Life: A cop is put in prison for triple murder of his best friend, his wife and their son.  After twelve years, when the case is re-opened, Charlie Crews is declared innocent and awarded a huge settlement package that includes re-joining the police force as a detective.  Between solving regular homicide cases, Charlie tries to work out who murdered that family and who set him up to take the fall.  Watching this show was like reading a very good book--I wanted to find out what happened but I didn't want it to end. The characters are solid and the Zen attitude that Charlie found in prison adds just enough quirkiness to be hilarious.

Running Wilde: This one didn't make it to one full season.  I watched it because it stars Will Arnett and I was feeling nostalgic for Arrested Development.  David Cross (aka Tobias Funke) also makes some appearances.  This show is narrated by a girl named Puddle whose mother, Emmy, is a really big hippie trying to protect an ancient culture in the jungle of Peru.  Arnett's character Steve is Emmy's high school sweetheart and she and Puddle end up living in the treehouse on his property so that Puddle can attend regular school.  This show has some funny moments and isn't a bad option if you're looking for a 20 minute episode to fill some time.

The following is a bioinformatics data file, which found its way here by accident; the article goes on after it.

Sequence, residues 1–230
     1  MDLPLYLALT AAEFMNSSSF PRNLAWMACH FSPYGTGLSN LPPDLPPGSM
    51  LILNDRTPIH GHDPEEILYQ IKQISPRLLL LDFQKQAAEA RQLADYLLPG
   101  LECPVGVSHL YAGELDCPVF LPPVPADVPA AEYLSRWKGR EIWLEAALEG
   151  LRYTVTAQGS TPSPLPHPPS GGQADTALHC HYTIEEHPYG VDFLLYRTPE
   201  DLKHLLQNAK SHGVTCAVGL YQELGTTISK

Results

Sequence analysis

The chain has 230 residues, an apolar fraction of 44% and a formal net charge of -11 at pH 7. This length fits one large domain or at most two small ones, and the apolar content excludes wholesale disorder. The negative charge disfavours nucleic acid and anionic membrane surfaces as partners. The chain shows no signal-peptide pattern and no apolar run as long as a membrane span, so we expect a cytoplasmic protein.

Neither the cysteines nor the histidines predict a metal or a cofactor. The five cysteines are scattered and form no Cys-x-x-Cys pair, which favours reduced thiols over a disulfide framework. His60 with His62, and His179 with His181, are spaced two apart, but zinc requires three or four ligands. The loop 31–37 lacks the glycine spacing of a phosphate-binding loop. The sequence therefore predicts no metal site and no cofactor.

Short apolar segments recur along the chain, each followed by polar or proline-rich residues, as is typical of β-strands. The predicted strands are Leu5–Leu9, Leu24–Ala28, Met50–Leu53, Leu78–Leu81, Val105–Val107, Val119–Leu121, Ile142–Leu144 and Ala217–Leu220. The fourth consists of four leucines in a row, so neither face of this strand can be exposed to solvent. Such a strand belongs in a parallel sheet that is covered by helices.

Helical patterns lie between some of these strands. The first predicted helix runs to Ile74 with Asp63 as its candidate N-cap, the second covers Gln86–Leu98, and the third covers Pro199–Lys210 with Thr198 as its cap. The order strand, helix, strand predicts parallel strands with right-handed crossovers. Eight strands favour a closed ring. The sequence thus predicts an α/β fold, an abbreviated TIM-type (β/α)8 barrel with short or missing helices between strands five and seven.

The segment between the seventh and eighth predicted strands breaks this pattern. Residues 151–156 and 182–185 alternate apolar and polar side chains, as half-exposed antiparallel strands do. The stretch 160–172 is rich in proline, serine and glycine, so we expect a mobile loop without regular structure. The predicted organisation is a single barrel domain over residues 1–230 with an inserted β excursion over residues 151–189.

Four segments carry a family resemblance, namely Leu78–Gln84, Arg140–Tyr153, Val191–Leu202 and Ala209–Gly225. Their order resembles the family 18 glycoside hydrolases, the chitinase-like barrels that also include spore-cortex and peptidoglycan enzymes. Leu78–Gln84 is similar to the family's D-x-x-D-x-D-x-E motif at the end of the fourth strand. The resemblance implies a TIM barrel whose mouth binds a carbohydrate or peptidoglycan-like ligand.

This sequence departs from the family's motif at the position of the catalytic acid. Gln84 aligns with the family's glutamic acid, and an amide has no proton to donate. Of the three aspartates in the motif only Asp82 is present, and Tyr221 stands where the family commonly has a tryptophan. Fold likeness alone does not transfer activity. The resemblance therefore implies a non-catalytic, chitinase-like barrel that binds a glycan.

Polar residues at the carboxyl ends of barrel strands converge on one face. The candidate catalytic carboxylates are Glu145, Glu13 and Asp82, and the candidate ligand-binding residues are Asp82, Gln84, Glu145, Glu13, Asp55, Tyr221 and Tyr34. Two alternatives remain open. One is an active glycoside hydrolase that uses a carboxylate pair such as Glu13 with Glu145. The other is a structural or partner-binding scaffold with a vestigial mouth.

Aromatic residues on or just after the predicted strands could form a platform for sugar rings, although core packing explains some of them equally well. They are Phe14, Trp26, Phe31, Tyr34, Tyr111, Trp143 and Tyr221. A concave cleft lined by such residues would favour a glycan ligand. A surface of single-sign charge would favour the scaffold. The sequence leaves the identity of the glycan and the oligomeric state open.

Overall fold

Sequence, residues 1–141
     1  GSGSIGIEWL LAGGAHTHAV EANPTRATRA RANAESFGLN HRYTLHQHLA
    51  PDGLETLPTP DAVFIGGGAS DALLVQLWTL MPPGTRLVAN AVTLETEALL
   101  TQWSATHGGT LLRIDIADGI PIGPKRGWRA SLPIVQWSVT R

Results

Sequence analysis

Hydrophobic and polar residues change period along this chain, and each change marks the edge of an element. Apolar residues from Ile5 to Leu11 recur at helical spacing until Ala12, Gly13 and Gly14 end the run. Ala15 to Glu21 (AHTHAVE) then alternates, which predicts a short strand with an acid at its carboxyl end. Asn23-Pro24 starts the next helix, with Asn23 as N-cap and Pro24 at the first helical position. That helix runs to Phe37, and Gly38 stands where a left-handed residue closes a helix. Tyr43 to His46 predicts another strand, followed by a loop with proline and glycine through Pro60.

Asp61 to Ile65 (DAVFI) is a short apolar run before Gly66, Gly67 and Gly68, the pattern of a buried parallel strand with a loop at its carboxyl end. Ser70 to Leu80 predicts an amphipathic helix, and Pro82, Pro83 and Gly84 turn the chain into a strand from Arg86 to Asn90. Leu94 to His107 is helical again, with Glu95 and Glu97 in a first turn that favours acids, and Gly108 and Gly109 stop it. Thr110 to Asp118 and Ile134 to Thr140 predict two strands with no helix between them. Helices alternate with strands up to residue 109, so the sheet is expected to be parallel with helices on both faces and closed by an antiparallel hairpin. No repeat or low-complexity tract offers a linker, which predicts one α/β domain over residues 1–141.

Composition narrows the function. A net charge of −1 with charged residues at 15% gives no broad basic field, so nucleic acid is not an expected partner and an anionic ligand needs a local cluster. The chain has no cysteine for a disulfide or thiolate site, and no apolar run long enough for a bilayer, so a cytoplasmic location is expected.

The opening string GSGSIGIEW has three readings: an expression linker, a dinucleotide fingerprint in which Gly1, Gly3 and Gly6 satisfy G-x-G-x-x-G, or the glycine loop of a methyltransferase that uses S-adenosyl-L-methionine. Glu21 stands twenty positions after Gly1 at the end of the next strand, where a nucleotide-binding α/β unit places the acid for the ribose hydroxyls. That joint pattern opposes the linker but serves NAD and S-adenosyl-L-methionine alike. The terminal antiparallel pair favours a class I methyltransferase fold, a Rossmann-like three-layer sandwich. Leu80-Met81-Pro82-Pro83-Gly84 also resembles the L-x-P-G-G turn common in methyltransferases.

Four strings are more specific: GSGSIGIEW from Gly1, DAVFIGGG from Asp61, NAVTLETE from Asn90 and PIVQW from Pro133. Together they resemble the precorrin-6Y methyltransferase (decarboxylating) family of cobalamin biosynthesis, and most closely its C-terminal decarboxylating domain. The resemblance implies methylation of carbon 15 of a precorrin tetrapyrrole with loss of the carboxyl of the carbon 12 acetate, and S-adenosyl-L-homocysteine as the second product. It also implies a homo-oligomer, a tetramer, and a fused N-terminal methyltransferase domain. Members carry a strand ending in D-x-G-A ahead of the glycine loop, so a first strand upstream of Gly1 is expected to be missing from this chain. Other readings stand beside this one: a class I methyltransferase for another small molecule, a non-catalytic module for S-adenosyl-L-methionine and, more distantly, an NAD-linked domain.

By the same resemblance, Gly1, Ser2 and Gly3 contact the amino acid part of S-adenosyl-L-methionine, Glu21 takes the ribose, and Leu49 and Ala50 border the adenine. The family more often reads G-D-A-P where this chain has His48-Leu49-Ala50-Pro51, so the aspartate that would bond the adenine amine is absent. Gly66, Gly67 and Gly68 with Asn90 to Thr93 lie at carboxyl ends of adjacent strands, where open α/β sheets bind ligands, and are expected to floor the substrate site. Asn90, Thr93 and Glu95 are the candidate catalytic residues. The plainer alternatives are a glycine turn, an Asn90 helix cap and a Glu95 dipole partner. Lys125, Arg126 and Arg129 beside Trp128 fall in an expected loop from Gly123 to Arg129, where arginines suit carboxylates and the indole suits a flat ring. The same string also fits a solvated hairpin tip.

MI-5: A British spy show about the lives and loves of agents in Her Majesty's Security Service.  Since the show is British, the seasons are shorter but the episodes are slightly longer (50 minutes instead of 43 minutes).  I am currently partway through the second season.  I am enjoying this show immensely.  It features many things that one expects from spy shows: awesome spy music, neat spy gadgets and great walking-away-from-things-after-tense-moments scenes.  There are fewer walking-with-guns scenes in this show than in American cop/secret agency shows.  I find a this bit nice--I always just imagine how silly the actors must feel during all those walking-with-gun scenes.  This show explores the issues of living life as a spy with a consealed identity which is interesting to consider.  The lead character, Tom Quinn is played by Matthew MacFayden who also played Mr. Fitzwilliam Darcy (!) in the newer rendition of Pride and Prejudice (need I say more?).

I think I'll leave the movies I've watched for another day.  I don't want you to think I'm long-winded or something.

Are there any Netflix shows you would recommend?

Sweet Streams,

PS: You may notice some lame-wad themes in my tv show is likely to become much lamer when I tell you the movies I have been watching...

PPS: All images have been pulled off the net, I was hoping that by adding them by url, a link to their sites of origin would be automatically was made.  I was wrong but now its supper time I am too hungry to bother re-tracing the internet steps and make proper links.  I do not intend to steal copyrighted information, and I do value and admire the work of the photographers who created these images.